The traces shown in FIG. 3 are exemplary and are of the motor angle δM (trace 4), the wheel steering angle δV (trace 2) as well as the trace of the slope 1/ieff (trace 1) and the slope 1/iLenk (trace 3). The steering wheel angle δL, which is initiated by the driver, is plotted on the horizontal axis and the wheel steering angle δV is plotted on the vertical axis and, for the trace 4, the motor angle δM is plotted on the vertical axis. Furthermore, the run-out region is marked with the limits A and B and the steering stop is marked with the limit C.
To achieve a comfortable steering performance, a continuous transition from ieff to iLenk and back must be achieved which takes place within a run-out zone (region between limits A and B) which lies shortly forward of the steering stops (limit C).
The run-out according to the invention is characterized, for example, by a parabola segment having a start which exhibits a slope corresponding to 1/ieff and whose end exhibits a slope corresponding to 1/iLenk.
As an alternative to the parabola-shaped run-out, the transition between the two slopes in the run-out zone can also be effected with a circular-arc segment or a sine-shaped segment.
The run-out of the additional steering angle δM according to the invention is achieved via a corresponding drive of the actuator 23 by the control apparatus 27. This drive can, for example, take place in such a manner that a desired value δM,des is supplied to a lower order position controller. The position controller then drives the motor 23 in such a manner that a corresponding actual angle value δM,act is adjusted as precisely as possible. The desired value δM,des represents the desired trace of the motor angle δM.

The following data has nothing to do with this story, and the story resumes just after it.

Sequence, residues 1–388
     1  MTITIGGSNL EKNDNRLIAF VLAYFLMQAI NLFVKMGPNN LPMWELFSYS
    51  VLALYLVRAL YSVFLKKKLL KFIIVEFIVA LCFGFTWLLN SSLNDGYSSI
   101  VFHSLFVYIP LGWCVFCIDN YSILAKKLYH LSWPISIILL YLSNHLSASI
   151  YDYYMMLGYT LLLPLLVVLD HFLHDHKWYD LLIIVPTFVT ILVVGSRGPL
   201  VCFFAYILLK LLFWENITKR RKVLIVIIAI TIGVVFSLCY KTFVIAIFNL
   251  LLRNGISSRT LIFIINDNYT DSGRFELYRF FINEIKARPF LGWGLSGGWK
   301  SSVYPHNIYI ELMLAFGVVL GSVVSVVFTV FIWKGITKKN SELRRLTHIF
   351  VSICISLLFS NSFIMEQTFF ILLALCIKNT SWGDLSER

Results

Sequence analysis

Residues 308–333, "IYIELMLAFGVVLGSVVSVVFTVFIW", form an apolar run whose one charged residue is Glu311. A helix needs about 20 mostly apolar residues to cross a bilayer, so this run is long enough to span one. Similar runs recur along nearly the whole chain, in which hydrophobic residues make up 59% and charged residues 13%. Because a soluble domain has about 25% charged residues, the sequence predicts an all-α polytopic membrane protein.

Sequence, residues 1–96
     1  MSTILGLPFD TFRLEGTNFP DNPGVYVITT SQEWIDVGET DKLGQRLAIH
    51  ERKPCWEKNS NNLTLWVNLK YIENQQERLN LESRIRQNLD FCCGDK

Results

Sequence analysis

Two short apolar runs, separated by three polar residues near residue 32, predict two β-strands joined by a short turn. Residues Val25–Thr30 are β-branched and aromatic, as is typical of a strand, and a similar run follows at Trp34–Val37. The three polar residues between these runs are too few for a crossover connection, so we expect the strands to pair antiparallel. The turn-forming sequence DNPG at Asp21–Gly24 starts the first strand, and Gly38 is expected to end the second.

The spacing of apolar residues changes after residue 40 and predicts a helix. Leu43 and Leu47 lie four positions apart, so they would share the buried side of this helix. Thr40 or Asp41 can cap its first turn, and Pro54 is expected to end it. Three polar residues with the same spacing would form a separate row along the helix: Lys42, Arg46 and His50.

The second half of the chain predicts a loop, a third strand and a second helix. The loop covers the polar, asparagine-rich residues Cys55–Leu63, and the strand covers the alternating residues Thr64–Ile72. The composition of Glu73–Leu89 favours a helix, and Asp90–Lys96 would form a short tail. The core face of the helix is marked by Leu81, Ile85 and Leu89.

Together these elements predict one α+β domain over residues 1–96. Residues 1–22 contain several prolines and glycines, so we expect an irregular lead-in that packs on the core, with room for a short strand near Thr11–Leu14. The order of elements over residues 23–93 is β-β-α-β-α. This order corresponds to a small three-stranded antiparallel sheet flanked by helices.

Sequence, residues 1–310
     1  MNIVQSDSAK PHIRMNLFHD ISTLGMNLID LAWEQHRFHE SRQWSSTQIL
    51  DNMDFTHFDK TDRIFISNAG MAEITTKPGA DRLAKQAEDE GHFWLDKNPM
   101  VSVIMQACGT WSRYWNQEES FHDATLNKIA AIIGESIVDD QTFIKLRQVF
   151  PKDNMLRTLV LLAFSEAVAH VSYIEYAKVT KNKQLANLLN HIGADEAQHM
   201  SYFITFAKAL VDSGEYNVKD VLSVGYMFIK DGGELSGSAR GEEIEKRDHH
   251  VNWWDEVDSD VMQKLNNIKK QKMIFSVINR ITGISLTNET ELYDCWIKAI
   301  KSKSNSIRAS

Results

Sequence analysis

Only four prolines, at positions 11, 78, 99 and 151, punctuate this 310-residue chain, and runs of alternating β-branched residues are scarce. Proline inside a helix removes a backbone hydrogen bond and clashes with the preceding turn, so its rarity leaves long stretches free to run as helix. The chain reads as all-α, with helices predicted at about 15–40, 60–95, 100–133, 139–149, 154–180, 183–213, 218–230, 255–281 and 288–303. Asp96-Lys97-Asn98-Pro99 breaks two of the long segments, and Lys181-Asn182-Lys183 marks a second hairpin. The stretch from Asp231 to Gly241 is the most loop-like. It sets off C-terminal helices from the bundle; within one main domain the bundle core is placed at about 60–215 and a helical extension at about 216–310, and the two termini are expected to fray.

FIG. 4 shows the steering wheel angle δL (horizontal axis) plotted against the steering angle speed dδL/dt with superposition of the motor steering angle δM (trace 1), the wheel steering angle speed dδV/dt (trace 2), the motor angle speed dδM/dt (trace 3) and the wheel steering angle speed dδV/dt without superposition of the motor steering angle δM (trace 4). The run-out zone is again characterized by the limits A and B and the steering stop is characterized with the limit C.